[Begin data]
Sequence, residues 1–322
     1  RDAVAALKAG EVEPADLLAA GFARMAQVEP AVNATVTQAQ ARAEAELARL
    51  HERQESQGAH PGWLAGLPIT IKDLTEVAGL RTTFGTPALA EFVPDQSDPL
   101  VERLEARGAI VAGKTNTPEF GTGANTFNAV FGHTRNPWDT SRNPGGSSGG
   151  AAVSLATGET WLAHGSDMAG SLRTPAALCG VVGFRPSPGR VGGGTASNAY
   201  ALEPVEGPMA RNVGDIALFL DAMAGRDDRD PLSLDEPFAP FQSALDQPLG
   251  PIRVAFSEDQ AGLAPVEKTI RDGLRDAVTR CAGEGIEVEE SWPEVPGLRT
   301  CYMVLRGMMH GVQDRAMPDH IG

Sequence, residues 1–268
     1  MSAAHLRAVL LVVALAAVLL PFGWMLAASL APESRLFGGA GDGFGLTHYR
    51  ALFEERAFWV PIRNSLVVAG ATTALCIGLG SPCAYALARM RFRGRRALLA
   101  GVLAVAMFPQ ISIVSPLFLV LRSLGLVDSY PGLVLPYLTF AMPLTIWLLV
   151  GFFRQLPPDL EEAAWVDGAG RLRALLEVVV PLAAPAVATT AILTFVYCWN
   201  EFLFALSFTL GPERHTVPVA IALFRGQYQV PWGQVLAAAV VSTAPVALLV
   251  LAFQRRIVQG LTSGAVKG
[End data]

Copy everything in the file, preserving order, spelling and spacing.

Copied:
Sequence, residues 1–322
     1  RDAVAALKAG EVEPADLLAA GFARMAQVEP AVNATVTQAQ ARAEAELARL
    51  HERQESQGAH PGWLAGLPIT IKDLTEVAGL RTTFGTPALA EFVPDQSDPL
   101  VERLEARGAI VAGKTNTPEF GTGANTFNAV FGHTRNPWDT SRNPGGSSGG
   151  AAVSLATGET WLAHGSDMAG SLRTPAALCG VVGFRPSPGR VGGGTASNAY
   201  ALEPVEGPMA RNVGDIALFL DAMAGRDDRD PLSLDEPFAP FQSALDQPLG
   251  PIRVAFSEDQ AGLAPVEKTI RDGLRDAVTR CAGEGIEVEE SWPEVPGLRT
   301  CYMVLRGMMH GVQDRAMPDH IG

Sequence, residues 1–268
     1  MSAAHLRAVL LVVALAAVLL PFGWMLAASL APESRLFGGA GDGFGLTHYR
    51  ALFEERAFWV PIRNSLVVAG ATTALCIGLG SPCAYALARM RFRGRRALLA
   101  GVLAVAMFPQ ISIVSPLFLV LRSLGLVDSY PGLVLPYLTF AMPLTIWLLV
   151  GFFRQLPPDL EEAAWVDGAG RLRALLEVVV PLAAPAVATT AILTFVYCWN
   201  EFLFALSFTL GPERHTVPVA IALFRGQYQV PWGQVLAAAV VSTAPVALLV
   251  LAFQRRIVQG LTSGAVKG